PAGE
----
Success Story: CO-TRACE!

Success Story: CO-TRACE!

Breathing City co-investigators, Dr. Henry Burridge (Imperial College London) and Prof. Paul Linden (University of Cambridge), with Prof Prashant Kumar (University of Surrey) are leading the COvid-19 Transmission Risk Assessment Case studies – Education establishments (CO-TRACE ) project. The aim is to develop techniques to assess the absolute risk of COVID-19 infection in a given indoor space, using field studies in primary and secondary schools, complemented by laboratory experiments and CFD to elucidate the flow patterns responsible for airborne transport. The understanding generated will underpin recent developments in infection modelling to predict the likelihood of airborne transmission within schools. This work will reduce the uncertainties associated with airborne transmission routes and provide evidence to evaluate mitigation measures.

UK schools re-opened in March 2021 and with the recent increased awareness of airborne transmission of COVID-19, there is an ongoing need to quantify the risk, evaluate the effectiveness of mitigation measures, monitor the situation and provide guidance on ventilation best practice. This will become even more pressing as we head into next Autumn and Winter when colder weather will lead to potential conflict between managing airborne infection risk (high outdoor air ventilation rates), energy consumption and occupant comfort.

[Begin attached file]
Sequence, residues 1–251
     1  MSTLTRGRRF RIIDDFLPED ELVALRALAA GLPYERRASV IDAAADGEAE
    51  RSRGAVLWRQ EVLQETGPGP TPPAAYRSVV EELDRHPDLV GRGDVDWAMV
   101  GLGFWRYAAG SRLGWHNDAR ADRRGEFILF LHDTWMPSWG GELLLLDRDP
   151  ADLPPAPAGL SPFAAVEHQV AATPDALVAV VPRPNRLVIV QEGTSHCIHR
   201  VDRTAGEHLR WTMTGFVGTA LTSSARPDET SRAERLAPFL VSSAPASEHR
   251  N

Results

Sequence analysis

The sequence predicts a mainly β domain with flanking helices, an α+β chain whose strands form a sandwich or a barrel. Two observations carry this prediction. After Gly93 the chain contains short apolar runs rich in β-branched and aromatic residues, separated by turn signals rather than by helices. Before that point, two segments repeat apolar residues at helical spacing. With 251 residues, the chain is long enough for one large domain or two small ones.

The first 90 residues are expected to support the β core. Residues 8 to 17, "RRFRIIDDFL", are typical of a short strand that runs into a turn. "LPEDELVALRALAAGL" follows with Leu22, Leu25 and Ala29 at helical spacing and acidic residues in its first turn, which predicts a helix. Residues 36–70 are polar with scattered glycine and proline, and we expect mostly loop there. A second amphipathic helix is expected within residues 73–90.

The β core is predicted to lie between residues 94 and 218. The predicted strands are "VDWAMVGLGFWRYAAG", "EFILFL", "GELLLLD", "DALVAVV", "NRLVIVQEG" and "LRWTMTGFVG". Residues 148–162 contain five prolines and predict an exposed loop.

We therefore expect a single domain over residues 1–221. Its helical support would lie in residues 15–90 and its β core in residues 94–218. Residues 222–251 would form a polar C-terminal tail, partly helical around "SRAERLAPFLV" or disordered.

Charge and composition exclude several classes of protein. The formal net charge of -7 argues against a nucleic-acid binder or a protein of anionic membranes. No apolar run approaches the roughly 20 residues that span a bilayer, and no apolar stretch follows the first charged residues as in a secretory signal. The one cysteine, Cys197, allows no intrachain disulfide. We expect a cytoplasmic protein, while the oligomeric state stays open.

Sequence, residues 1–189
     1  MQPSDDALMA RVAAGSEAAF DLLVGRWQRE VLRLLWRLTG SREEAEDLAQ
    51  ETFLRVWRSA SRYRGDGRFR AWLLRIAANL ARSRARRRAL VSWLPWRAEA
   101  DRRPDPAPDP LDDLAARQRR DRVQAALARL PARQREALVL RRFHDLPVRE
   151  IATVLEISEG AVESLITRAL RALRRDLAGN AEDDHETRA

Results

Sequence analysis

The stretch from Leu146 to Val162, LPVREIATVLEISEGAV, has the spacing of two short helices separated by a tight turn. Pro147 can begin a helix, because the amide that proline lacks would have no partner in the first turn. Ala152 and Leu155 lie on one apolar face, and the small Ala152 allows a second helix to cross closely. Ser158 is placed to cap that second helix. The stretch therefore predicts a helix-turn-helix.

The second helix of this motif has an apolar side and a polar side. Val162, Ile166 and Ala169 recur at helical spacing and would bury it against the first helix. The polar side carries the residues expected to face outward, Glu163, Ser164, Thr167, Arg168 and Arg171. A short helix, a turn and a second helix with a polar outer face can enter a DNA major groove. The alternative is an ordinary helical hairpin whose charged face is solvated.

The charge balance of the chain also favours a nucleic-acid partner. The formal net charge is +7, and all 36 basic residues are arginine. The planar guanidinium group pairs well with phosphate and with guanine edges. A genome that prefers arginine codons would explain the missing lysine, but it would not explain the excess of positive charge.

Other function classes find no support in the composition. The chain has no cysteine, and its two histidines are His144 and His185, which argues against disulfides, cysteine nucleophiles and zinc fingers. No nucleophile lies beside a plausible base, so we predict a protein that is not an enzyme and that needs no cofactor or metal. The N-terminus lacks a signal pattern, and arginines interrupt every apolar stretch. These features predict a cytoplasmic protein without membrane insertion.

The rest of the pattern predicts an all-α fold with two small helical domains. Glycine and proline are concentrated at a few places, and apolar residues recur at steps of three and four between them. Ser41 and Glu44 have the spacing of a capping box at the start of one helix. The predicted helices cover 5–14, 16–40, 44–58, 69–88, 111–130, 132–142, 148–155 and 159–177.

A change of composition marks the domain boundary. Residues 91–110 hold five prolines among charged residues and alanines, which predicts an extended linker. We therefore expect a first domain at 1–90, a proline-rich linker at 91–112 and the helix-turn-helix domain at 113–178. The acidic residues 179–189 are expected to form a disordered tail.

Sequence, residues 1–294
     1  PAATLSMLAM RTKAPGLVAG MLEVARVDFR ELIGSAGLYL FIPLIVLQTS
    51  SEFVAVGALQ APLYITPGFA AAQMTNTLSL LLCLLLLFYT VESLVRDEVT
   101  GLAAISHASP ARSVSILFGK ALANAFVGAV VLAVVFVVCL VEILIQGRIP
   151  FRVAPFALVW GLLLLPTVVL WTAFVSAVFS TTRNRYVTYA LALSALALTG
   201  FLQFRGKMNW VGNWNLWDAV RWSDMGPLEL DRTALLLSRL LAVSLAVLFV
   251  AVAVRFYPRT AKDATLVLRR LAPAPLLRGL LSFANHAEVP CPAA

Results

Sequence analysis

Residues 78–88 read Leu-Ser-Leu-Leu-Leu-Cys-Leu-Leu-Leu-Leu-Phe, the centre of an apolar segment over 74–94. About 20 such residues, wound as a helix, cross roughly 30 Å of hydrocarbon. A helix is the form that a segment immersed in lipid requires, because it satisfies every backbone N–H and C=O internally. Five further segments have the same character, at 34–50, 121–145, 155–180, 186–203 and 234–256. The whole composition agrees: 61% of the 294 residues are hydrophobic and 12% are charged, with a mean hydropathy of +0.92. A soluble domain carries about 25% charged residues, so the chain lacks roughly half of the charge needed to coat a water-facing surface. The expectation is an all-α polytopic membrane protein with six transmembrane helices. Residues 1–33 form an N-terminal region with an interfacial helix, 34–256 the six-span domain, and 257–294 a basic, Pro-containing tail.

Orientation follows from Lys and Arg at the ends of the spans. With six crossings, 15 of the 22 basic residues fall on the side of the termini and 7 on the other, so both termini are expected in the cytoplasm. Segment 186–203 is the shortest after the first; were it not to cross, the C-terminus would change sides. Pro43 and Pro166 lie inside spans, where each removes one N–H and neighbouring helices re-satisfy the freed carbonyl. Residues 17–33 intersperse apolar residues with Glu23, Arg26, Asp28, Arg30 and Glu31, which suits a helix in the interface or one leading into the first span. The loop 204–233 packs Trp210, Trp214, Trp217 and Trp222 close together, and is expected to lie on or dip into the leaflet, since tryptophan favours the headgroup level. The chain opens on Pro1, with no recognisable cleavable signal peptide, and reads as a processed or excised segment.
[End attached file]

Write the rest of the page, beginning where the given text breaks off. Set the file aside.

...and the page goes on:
For the initial phase of the project, we will be working with at least nine schools across London, Surrey and Buckinghamshire to monitor levels of CO2 in classrooms and other sites inside school buildings. We will investigate how changes to ventilation, classroom lay-out and occupancy profiles impact measured levels of CO2. Schools will be monitored in the summer term and, where possible, in the autumn term too, so comparisons can be made. We will combine our field measurements with a program of school engagement, asking teachers and students what they would like to discover, co-designing the experiments, and engaging school communities in a discussion around possible solutions.

Indoor flow is strongly affected by the locations of windows or vents, heat rising from occupants/equipment and disturbances caused by people movement. During phase-2 of  CO-TRACE we will therefore develop representations of these processes in the laboratory and CFD to interpret the monitoring data from our partner schools, which are typically single point measurements.

The CO-TRACE methodology will ultimately be applicable to all manner of indoor spaces, including shops, restaurants, offices etc. In this way, we hope it can support healthy school communities and also help to inform wider decisions about how we return to and use our buildings both during and after the pandemic.

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